something that the container itself needs to supply.

> >== Pluggable Contracts ==
> >
> >The concept of "pluggable contracts" is the process of having
> >a well defined <i>set</i> of contracts that we can use in a
> >given environment.  We always need the <i>constant</i> or
> ><i>guaranteed</i> contracts to act as a base.  The contract
> >sets that get superimposed on the base contracts are constant
> >for the environment.  If you change the environment, you get
> >a new set of contracts.
> >
> I'm reading the words and assuming that this is beasically 
> the same as 
> the notion of "strategy" that I've been dropping on this list 
> from time 
> to time.  I'm thinking about a container that is hard coded 
> at the level 
> of strategies - and examples of strategies include A4 deployment, A5 
> deployemnt, etc. Inside a particular strategy you may find subsidary 
> strategies - e.g. a strategy enabling lifecycle extensions or other 
> concepts such a A4.1 lifestyle strategy (based on marker interfaces) 
> versus a 4.2 strategy (mased on meta) - as examples.

uh, yeah.  Different words I guess.  But yes, it is the strategy for
mapping an applications environment to the component/container

> >it helps containers provide a consistent environment to the
> >component regardless of the environment.
> >
> Refreasing this to - "it helps containers provide a 
> consistent solution 
> to the component adapter to its environment" - which is not what your 
> said - are we thinking about the same thing ?

Essentially, but the phrase "to the component adaptor to its
environment" is very clumsily worded.  Could you clarify what
you mean?

> >By standardizing component contracts strictly from the
> >viewpoint of the component (i.e. interfaces) we provide a
> >standard in which the component author can feel confident that
> >their component can work anywhere.
> Yep.
> But possible (more concretely) - we will be able to provide to the 
> client developer the means throughwhich they can express 
> constrains as 
> to the environment thair component is applicable within.

Yes, through metadata.  In fact the same component can take on
new features depending on the environment.  The important thing
is to provide the base contracts to which it needs to be developed.

Not all components can or should be distributed.  The ones marked
with a "remotable" attribute would be exposed by a container that
supports that action.  Again, it is a strategy that is implemented
by the container--which in turn is affected by the environment.
A container that would otherwise be able to make components remotely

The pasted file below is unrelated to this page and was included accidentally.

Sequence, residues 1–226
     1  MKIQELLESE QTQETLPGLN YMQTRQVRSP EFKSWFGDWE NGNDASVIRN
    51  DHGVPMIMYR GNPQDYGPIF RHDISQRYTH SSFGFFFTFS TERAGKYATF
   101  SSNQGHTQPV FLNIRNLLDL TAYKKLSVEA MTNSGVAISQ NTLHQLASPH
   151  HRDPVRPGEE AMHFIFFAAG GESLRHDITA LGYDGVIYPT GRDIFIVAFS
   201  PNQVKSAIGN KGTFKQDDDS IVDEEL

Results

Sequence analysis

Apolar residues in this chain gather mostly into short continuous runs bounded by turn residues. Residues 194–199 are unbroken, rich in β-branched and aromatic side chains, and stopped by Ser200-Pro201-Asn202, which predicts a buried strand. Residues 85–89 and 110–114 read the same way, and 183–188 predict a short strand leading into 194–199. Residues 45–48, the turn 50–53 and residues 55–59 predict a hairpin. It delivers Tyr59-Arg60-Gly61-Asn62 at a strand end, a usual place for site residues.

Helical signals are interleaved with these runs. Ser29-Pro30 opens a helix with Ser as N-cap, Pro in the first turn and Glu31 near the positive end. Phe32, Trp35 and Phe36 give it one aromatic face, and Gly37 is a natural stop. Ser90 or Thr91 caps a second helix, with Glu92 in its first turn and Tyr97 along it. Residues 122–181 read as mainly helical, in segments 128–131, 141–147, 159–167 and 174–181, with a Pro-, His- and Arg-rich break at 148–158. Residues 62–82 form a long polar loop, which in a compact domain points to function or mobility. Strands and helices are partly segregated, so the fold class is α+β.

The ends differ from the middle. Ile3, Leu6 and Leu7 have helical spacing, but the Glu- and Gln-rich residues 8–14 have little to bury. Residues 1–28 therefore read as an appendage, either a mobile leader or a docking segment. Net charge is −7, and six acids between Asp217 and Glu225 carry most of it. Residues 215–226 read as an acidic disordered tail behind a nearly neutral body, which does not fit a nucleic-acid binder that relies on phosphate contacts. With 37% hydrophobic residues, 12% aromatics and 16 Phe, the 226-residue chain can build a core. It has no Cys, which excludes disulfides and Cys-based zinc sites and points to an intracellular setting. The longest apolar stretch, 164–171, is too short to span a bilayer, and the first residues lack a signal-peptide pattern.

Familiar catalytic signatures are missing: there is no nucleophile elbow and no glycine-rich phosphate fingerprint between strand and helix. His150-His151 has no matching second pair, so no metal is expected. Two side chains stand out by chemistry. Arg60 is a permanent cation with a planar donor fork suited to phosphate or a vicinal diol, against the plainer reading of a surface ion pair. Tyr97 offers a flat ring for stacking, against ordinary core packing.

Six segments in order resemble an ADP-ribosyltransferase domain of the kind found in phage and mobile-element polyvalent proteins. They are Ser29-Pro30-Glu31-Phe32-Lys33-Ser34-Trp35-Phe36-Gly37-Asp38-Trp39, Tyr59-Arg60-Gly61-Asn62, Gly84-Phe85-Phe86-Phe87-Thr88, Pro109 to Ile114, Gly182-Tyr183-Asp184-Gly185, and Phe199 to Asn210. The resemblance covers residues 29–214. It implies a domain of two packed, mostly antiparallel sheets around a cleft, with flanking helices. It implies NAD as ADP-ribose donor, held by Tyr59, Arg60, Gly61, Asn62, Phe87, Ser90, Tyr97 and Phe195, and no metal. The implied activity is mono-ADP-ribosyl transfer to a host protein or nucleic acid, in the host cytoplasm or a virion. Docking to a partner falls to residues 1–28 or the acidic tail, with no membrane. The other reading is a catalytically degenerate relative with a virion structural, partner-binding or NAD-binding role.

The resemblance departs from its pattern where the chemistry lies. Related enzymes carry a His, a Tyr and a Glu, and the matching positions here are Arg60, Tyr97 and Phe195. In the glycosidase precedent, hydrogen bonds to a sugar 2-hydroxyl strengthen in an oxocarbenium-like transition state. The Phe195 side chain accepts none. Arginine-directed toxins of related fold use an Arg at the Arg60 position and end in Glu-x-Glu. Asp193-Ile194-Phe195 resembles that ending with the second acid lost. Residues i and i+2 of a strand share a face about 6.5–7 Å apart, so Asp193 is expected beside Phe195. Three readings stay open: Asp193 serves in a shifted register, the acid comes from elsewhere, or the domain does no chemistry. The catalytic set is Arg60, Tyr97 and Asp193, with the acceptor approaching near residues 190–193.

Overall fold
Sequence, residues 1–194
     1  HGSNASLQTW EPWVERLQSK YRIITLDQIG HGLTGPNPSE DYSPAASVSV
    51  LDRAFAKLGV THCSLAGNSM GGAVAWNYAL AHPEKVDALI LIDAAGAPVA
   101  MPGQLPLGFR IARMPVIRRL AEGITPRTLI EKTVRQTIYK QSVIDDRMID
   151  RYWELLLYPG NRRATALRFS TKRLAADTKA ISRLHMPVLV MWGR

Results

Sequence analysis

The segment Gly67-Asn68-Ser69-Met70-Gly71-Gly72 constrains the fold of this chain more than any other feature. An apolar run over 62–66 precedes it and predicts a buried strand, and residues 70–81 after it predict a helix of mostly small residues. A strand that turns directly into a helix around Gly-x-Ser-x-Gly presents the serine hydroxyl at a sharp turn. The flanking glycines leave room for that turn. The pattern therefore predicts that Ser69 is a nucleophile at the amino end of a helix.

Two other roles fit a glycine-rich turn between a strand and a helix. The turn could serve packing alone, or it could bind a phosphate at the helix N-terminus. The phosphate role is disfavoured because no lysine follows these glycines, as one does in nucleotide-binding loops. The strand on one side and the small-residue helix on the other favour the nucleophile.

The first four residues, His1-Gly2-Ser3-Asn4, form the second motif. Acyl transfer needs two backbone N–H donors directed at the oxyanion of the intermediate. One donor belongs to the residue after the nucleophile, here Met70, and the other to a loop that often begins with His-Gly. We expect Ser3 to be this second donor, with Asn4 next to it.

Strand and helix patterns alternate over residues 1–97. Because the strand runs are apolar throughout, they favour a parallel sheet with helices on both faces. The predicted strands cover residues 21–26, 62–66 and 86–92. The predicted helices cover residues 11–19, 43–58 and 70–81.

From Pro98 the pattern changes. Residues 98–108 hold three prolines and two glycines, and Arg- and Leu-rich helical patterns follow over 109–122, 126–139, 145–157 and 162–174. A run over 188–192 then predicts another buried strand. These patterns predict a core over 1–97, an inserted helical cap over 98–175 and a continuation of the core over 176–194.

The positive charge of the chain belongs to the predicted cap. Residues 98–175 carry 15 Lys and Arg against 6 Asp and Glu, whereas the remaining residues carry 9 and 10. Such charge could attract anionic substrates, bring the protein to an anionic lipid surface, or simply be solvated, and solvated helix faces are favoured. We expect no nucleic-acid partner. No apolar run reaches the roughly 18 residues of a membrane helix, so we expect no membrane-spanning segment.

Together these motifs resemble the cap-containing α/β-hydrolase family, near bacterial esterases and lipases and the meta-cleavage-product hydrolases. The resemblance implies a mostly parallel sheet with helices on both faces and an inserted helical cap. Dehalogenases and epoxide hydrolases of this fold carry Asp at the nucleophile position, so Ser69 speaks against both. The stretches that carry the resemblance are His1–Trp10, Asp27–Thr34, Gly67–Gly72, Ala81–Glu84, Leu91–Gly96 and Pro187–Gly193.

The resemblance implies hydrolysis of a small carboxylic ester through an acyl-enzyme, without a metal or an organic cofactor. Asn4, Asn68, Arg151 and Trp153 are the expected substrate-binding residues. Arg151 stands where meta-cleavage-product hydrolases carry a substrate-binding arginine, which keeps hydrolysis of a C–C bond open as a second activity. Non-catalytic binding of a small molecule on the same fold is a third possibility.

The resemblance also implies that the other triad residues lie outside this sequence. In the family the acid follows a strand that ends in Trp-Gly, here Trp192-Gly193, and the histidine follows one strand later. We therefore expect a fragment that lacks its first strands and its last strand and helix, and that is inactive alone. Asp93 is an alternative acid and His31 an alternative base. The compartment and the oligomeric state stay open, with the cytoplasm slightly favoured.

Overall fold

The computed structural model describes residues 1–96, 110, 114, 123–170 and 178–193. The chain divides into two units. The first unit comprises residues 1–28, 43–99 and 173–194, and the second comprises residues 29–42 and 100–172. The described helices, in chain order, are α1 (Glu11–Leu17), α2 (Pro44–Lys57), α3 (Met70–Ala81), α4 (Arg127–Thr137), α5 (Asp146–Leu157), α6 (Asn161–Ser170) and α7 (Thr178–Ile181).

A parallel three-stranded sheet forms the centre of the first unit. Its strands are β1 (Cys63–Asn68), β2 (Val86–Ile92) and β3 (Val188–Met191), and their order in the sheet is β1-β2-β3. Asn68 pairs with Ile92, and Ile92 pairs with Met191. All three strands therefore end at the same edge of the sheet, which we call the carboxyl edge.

accessible to other VMs might be restricted by the security settings.
All the code is there, but the container wasn't given the priveledges
to expose the components on the wire.  Such a failure shouldn't
cause the system to cease to function, but merely reduce the

<off-topic constraint="important to consider">

One problem with very modular systems is security.  If a container
allows a high level of runtime resolution of features, there is
the ever present risk of a "rogue" JAR being put in the classpath
somewhere and performing a "Trojan" attack.  We need ways of
testing these modules/strategies and validating them--even if the
JAR was placed in the $JAVA_HOME/jre/lib/ext/ directory.  It
can be accomplished, but we need to provide extensions to the
normal JAR spec to allow us to validate them.  Failing securely
is very important.


> >By standardizing component contracts strictly from the
> >viewpoint of the environment to the container, we provide
> >a standard mechanism that any Avalon user will be able to
> >use to customize the environment.  No extra coding is necessary,
> >the container can simply use the JAR that provides support
> >to the environment and everything is happy.
> >those defined by the interfaces.  
> >  
> >
> There are couple of different things here:
>   * the computation environment
>   * the contutation model

Is that "computation model" or "continuation model" ?

However, you are correct.  There two different levels to consider.
The component/container relationship would be described as the
"Computation Model", while the container/environment relationship
would be described as the "Computation Environment"

> The environment is talking about constraints wheras the model 
> is talking 
> about the vehicle through which solutions are delivered (e.g. A4.1 
> version A5) - but this is very esserteric so I'm going to sign-off!

Talk to ya later.